Knowledge To Grow – Begonia Propagation

I have had many guests at my B&B who have shared some of their gardening success stories.  One of my favorites is the use of Dragon Wing Begonias in a window box.  I must tell you these flowers are fabulous!

Dragon wing plants fill in fast to create a lush container garden that will last up to the first frost.  These plants have dark green, glossy leaves and bloom profusely from early spring to frost.  They will reach a height of 18 to 24 inches and will thrive in sun, partial shade and light shade.

I will definitely be taking some cuttings of this plant to propagate and fill my containers next spring.  Propagation involves taking a portion of a plant and rooting it to grow into a new plant.  I will use the stem cutting method.

To do this, cut off a piece of stem, 4 to 6 inches long.  You will need to have at least 3 sets of leaves on your cutting.  Make a bottom cut just below a node (a node is where the leaf joins the stem).   Starting from the bottom of the cutting, cut off one half to two thirds of the leaves and cut large leaves in half.  Remove all flowers and flower buds.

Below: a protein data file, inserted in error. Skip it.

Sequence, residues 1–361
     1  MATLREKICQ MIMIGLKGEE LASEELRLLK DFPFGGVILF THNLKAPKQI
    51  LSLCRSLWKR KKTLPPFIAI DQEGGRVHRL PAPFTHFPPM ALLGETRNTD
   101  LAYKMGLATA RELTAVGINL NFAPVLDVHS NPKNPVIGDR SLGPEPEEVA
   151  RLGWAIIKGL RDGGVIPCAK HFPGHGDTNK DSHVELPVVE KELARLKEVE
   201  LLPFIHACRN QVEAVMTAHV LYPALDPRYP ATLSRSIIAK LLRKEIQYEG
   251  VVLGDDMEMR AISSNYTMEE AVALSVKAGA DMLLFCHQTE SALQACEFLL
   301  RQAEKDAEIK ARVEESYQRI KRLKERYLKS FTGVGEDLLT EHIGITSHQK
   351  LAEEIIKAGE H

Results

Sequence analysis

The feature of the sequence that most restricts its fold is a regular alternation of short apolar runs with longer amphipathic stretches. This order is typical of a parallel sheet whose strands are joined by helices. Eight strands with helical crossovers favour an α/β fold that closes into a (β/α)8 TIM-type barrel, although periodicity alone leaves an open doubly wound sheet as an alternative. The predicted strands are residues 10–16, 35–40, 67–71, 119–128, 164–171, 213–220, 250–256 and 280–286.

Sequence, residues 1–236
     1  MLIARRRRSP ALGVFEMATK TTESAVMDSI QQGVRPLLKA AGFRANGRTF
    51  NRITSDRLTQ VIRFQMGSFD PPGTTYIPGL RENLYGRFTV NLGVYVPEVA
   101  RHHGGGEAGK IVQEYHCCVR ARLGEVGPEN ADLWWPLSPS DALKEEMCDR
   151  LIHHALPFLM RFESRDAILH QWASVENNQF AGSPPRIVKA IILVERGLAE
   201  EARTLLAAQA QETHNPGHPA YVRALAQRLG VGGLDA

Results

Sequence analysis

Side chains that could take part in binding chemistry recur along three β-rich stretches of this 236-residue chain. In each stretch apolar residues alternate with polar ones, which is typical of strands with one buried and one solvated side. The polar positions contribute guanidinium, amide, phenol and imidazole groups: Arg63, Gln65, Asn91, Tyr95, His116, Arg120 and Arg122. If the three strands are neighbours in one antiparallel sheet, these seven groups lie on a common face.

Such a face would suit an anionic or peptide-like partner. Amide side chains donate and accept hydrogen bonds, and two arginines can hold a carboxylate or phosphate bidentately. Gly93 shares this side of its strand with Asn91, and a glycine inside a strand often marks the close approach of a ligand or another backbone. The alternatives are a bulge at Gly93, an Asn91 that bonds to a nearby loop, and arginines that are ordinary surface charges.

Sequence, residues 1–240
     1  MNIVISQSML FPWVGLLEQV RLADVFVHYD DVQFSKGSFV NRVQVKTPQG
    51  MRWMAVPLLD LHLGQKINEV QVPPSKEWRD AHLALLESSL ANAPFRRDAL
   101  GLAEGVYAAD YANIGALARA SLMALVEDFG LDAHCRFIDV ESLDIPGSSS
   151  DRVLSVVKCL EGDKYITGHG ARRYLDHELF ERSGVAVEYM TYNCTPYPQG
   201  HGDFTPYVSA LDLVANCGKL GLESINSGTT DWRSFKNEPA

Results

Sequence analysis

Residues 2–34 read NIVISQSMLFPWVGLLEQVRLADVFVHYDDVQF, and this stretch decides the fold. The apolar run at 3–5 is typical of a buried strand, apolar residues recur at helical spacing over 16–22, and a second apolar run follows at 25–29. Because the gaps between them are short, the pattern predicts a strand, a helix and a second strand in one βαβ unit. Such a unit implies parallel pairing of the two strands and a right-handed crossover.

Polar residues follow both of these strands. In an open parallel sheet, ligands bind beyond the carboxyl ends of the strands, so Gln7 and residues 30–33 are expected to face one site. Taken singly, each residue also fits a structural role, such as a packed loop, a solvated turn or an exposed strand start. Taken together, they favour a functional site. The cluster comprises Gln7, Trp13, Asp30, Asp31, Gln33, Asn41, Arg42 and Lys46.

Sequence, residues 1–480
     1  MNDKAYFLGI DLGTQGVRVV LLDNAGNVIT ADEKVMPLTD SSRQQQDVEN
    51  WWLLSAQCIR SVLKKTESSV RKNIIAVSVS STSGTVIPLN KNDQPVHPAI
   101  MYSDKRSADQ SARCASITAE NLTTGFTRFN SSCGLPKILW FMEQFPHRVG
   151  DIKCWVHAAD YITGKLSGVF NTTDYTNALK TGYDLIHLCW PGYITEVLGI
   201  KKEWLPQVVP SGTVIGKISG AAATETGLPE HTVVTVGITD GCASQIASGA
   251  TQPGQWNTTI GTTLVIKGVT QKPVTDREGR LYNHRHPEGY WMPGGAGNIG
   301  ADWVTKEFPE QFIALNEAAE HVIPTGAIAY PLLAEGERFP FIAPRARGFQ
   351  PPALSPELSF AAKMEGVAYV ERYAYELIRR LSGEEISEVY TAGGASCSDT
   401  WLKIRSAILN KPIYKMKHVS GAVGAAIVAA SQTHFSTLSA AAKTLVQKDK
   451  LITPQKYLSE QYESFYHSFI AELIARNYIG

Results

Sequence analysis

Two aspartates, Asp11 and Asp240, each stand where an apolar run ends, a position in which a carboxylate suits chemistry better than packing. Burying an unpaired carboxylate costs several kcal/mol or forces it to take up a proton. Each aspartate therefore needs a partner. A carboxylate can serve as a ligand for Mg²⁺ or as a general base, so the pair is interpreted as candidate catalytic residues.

Prepare a small pot of damp rooting mix, using a pencil to make a hole for the cutting.  Plants contain a hormone, auxin, that stimulates root formation.  Some plants will root readily because of the naturally occurring auxin without using a synthetic form of a rooting hormone.  I will use a synthetic rooting hormone just to improve my chances of success.  Dip the lower inch of the cutting in rooting hormone, then place the stem, 1 to 2 inches deep, in the prepared hole and fill the rooting mix around it.  Do not allow the leaves to touch the surface of the mix.  If they do, trim them back.  Place a clear, plastic bag over the pot making sure it does not touch the leaves.

Place the pot in a warm, bright spot, keeping it out of direct sunlight.  Water as necessary.  After two or three weeks, work your hand under the cutting and lift to see if roots have formed.  If roots are small or have not formed yet, place it back into the pot, tamp the mix around the stem and enclose it in the bag.  Check again in several weeks.

When you have roots, open the plastic bag a small amount each day to decrease the humidity.  Once it is growing well, pot it into a good quality potting mix.

As always, Happy Gardening!

More information about gardening and related subjects is available online. The Purdue University Cooperative Extension Service can be reached at 499-6334 in LaGrange Co., 636 2111 in Noble Co., 925-2562 in DeKalb Co. and 668-1000 in Steuben Co.

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